Pricing under monopolistic competition
Published on: Mar 4, 2016
Transcripts - Pricing under monopolistic competition
PRICING UNDER MONOPOLISTIC COMPETITIONFeatures• Many sellers, each having an insignificant share in the total supply of the product in the market,• Product differentiation, products of various firms are similar but not perfect substitutes.• Easy entry and easy exit; production involves small investment costs and unsophisticated technology, and thus any one could start production or leave the industry without ant significant loss.• The demand curve facing a monopolistically competitive firm slopes downward from left to right• The demand curve of a monopolistically competitive firm is highly though not perfectly elastic
• A monopolistically competitive firm always produces socially sub- optimal output both in the short as well as in the long-run. This is evident from the definition of socially optimal output (where P=MC) and the nature of the AR and MR curves• A monopolistically competitive firm never operates at its minimum AC (or always has an excess capacity0 in the long-run. This is obvious from the firm’s long-run equilibrium position as presented above. The AC curve is U-shaped, AR curve is falling, MC curve intersects the AC curve at the latter’s minimum point, the firm merely breaks-even in the long-run. For break-even, AC must equal P (=AR). Since the AR curve is falling, the AC is falling, and since falling AC precedes the minimum AC, the equilibrium output must be less than the output at which AC is minimum. In figure 7.1 (b), while OQ2 is the long-run equilibrium output, O Q3 is the output at which AC is the least, and OQ2 is less than OQ3. The full capacity output, by definition, is the one at which AC is the minimum.
PRICING UNDER PURE COMPETITION• purely competitive market is characterised by a large number of buyers and sellers , dealing in homogeneous product, and easy entry and exit. in view of these factors no buyer or seller has any influence on the price and consequently each one of them is price taker.• who then determine the price? no individual buyer or seller but all of them taken together, called the" invisible hands" , determine the price.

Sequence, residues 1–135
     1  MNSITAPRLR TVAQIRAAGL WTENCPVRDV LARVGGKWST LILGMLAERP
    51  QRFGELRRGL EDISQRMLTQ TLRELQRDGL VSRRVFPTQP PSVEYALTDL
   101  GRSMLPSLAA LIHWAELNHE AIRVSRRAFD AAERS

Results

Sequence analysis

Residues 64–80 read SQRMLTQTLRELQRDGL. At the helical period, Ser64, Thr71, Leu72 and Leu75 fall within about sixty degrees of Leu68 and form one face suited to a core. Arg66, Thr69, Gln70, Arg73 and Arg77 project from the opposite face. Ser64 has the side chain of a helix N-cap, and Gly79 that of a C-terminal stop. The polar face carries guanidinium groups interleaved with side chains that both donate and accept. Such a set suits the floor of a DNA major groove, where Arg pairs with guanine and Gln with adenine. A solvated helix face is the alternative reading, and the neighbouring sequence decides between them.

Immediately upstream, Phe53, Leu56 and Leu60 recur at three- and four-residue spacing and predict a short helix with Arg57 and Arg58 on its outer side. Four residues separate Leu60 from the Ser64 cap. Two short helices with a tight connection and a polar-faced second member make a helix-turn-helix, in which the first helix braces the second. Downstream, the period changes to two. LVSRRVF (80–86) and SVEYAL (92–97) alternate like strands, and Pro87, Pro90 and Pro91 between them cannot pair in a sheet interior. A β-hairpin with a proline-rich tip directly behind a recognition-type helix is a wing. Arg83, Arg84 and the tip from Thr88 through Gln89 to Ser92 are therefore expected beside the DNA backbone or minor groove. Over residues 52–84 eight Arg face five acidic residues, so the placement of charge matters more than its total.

The various firms in the industry can be classified into four categories: a)efficient (least-cost)and profit making firms b)efficient but breaking -even firms c)inefficient but operating firms d)inefficient and closed down firms
pricing under a pure monopoly• A firm with monopoly has price-setting power and will look to earn high levels of profit.• A pure monopolist is the sole supplier in an industry and, as a result, the monopolist can take the market demand curve as its own demand curve. A monopolist therefore faces a downward slope
• Assuming that the firm aims to maximise profits (where MR=MC) we establish a short run equilibrium as shown in the diagram below.
• Not all monopolies are guaranteed profits - there can be occasions when the costs of production are greater than the average revenue a monopolist can charge for their products. This might occur for example when there is a sharp fall in market demand (leading to an inward shift in the average revenue curve).
PRICING UNDER OBLGOPOLYoligopoly market is characterized by the following features:• A few sellers or a few ‘big’ sellers if there are many sellers;• Standard or differentiated product; and• Difficult but possible entry / exist.Types of oligopoly• homogeneous or standard oligopoly• The heterogeneous oligopolyThe demand function for a firm’s product would behave the following variables,• Prices of rival firms’ goods• Advertisement budgets’ of rival firms• Styles and quality of rival firms goods and each of these additional variables would enter with a negative signed coefficient in the demand function